The final member of the Oz crew is the Tin Man. He’s done up all in flat silver except for the hands, which are dark grey. Although it’s not particularly noticeable, I do wish LEGO would produce silver hands, a color that is annoying still missing from the lineup. The Tin Man wears a silver bowtie, which is of course a new color for that element, and he’s topped with a funnel as a cap. The funnel is a new element which sits at a jaunty angle. Both the funnel’s tip and the handle have plume-sized holes.

In addition to the Tin Man’s torso being flat silver plastic, it’s also printed with silver front and back except for a few small streaks, which give it the weathered look that befits a metal man left out to rust. The Tin Man carries a heart-shaped tile printed with a clock just like the one the Wizard gave him. In his other hand he carries a solid silver axe. Like the Scarecrow, the Tin Man’s head is single-sided since it’s exposed from the back.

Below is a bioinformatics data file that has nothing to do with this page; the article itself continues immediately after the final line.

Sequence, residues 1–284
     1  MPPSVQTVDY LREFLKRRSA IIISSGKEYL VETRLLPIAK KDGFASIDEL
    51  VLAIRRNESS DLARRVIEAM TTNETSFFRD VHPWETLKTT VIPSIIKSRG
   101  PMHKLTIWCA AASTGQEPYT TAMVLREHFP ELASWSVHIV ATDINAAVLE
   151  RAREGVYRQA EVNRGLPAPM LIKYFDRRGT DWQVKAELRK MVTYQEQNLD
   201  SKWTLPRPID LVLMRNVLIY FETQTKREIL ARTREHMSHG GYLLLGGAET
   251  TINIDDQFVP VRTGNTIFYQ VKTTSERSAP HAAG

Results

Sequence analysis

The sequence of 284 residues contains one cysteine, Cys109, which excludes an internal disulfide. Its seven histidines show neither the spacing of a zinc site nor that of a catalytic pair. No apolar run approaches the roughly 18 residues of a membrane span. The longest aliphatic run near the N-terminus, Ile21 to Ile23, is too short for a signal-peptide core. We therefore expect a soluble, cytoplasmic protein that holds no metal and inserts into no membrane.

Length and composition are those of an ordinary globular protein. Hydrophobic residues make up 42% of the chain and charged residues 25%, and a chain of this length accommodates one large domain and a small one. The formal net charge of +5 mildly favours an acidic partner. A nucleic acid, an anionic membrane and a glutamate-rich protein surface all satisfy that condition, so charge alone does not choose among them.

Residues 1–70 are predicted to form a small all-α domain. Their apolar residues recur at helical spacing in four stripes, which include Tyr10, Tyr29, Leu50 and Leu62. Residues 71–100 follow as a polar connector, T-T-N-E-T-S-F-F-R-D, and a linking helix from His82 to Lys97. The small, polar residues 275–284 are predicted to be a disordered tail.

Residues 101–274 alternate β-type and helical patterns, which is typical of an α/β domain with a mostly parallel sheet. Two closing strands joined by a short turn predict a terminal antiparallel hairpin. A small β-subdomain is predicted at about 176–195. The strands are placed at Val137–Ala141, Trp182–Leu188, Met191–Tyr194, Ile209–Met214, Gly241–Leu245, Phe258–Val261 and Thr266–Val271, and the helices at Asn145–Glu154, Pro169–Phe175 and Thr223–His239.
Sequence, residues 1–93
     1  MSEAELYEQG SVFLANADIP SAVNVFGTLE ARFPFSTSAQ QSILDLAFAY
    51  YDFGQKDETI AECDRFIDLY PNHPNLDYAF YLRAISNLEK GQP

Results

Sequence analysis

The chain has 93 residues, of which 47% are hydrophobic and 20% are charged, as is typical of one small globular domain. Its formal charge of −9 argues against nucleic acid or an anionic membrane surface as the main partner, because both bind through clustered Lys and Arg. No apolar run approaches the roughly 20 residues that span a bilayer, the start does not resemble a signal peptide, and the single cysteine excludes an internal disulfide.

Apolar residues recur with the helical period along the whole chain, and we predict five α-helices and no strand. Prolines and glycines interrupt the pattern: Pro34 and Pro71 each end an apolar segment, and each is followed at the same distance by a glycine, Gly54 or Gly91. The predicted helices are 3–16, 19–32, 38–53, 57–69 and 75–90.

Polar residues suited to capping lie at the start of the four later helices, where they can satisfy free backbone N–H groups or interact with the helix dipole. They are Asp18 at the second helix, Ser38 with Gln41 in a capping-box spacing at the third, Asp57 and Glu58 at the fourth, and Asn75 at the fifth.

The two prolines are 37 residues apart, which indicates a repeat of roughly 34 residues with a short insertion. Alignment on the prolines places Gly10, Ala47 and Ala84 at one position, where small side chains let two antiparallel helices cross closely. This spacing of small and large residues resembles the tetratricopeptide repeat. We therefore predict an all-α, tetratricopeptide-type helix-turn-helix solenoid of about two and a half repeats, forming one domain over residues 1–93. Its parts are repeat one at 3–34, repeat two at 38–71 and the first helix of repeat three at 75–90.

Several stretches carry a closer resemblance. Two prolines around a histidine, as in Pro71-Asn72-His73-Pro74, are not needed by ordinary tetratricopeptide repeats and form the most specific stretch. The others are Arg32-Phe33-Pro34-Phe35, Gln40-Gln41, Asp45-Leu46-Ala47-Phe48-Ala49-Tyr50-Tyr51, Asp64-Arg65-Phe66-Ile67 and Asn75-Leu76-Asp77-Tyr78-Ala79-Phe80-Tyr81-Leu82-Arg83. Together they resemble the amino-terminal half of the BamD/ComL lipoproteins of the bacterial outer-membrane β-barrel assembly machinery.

Unikitty

The final figure in this huge 20-character lineup is Unikitty, a fan favorite from the previous film. She’s already appeared in a myriad of iterations including her whole own CMF series, so while this version is technically new, it’s basically indistinguishable from numerous other versions except for minor difference in the expression. One interesting point, though, is that this version has returned to the Unikitty design used in the first LEGO Movie, and not the sturdier redesign with an inverted 1×3 tile used in the CMF line.

Since Unikitty is brick-built, posing options are limited. That’s made up for somewhat by the abundance of extra elements that are included, which is a surplus of one of each of the small bits.


Let us know in the comments which character you’re looking forward to most, and watch out for our Feel Guide soon.